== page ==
I had started the Midnight Riders, AMA sponsored, “Political Tour” earlier this year. I got within three photos of being done, and put that tour aside for many other riding events — a Blue Knight convention, the Blue Butt Rally, and a SS2000.
With a month left to finish I figured I’d better get back to the Political Tour; it wasn’t really a very creative theme this year, but I’d gotten this far I might as well finish.
I had toyed with the idea of an overnighter to the southern end of the Gold Country. I considered a ride down 49 (AKA: the Little Dragon) to Coulterville, Mariposa, and then maybe through Yosemite to see the fall colors. There would be towns along the way I could use for the tour. But I opted to wait another week or so for that route, and see if Kay and I could get the time off together for a fall color trip. Instead, yesterday, I decided to do a day ride up around Lake County; there were three towns up there that would work for the tour as well, and I could get it wrapped up in one day.
I fired up the GT and take off up 121, to 128 to Knoxville-Berryessa; over to Pope Valley, through Butts Canyon, and into Middletown for lunch at Perry’s Deli. My plan from there was the get photos of the town limit signs for the city of Clearlake, Clearlake Oaks, and Capella. After which I’d take 101 south to 128, and cruise on home. However, I was soon to discover that my best-laid plans were at the mercy of German engineers.
On SR 53, at the south city limits of Clearlake, there is a wide asphalt shoulder. I pulled off a good 10 feet from the travel lane. As I was soon to find out I’m glad I did. I turn off the bike, got my camera and rally flag out, got the photo of the city limit sign, and put everything away.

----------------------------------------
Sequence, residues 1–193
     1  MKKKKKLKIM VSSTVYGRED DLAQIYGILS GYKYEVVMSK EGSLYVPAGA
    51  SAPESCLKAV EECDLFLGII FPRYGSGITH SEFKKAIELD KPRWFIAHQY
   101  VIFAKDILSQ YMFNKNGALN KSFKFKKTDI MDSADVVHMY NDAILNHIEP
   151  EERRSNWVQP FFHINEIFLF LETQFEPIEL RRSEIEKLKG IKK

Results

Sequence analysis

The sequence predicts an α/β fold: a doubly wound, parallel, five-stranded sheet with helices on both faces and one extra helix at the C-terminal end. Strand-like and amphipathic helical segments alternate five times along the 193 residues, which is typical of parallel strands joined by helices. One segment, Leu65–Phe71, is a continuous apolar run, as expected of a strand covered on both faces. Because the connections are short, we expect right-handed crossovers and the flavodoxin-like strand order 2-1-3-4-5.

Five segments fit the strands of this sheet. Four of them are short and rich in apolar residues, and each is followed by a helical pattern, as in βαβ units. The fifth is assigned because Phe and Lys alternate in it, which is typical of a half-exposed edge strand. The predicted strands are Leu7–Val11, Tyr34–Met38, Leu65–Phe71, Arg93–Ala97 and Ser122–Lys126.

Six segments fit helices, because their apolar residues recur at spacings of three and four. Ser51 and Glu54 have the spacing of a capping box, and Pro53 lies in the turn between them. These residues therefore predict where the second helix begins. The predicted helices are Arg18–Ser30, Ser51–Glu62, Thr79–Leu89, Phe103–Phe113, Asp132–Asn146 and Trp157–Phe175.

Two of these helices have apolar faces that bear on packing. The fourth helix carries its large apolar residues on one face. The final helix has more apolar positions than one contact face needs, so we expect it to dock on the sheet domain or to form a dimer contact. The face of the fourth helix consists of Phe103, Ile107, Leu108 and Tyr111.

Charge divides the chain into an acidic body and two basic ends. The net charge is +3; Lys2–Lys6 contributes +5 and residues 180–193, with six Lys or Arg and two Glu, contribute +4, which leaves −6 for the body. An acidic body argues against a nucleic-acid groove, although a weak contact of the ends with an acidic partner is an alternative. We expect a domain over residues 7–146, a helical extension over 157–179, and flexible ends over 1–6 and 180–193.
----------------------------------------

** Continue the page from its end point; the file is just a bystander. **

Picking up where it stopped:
I saddle back up, turn on the ignition …
Crap. I take the key out, wait, and try again.
I yelled at the bike, “This is the same key I’ve been using for 6,000 miles!”
I tried again, the bike’s only response was — CHECK EWS.
I called Ted in the hopes that he knew the super secret BMW incantation to re-set the ignition. And you know what? He didn’t.
Fisher Towing was there in less than 30 minutes after my call to BMW Roadside Assistance. The boss came out in his pick-up and assisted in working out the details. The closest dealer, Santa Rosa BMW (actually now in Windsor) wouldn’t be open until Tuesday morning. They’d load the bike on a flatbed, drop me at a hotel, pick me up in the morning, and take the bike and me to Windsor. BMW Roadside would only pay for a tow to the nearest dealer. I’d have to pay out of pocket to get it back to Napa — at $6 per mile. Then I’d still have to work out something to get the GT back to Santa Rosa, or A&S. The hotel idea was a lot cheaper, and this ride really could have been an overnighter, so what the heck.
The flatbed driver, Marty, did an excellent job of loading the bike — he used my tie down loops that I always carry, and his heavy duty, ratchet tie down straps, and a good front wheel brace. The bike was solidly on the flatbed. He dropped me a the Best Western in Clearlake, got my cell number, and said he’d call in the morning before he came to pick me up.
I walk inside; the hotel is decent place, a restaurant and lounge on-site. Cool. But at the counter I’m told they are booked. On a Monday, in October, here in Podunk, Lake Co., and they’re booked.
I wondered if German engineers owned the place.
With Kay out of town, I called my Dad, he’s getting up there in years, and I hate to have him drive too far, but he was there in less than two hours with no problems.
I got up this morning, talked to Marty on the phone. I told him I would meet him at the dealership. I drove to Windsor, and I got there just as Marty had unloaded the GT. Dennis, the owner of Santa Rosa BMW, suspected the antenna ring was the problem. One of his techs will get on it, and they’ll call. So, depending on what Santa Rosa finds, it might be the little GS for me this weekend.
If there are any German engineers at Manchester this weekend, I’m going to TP their campsite.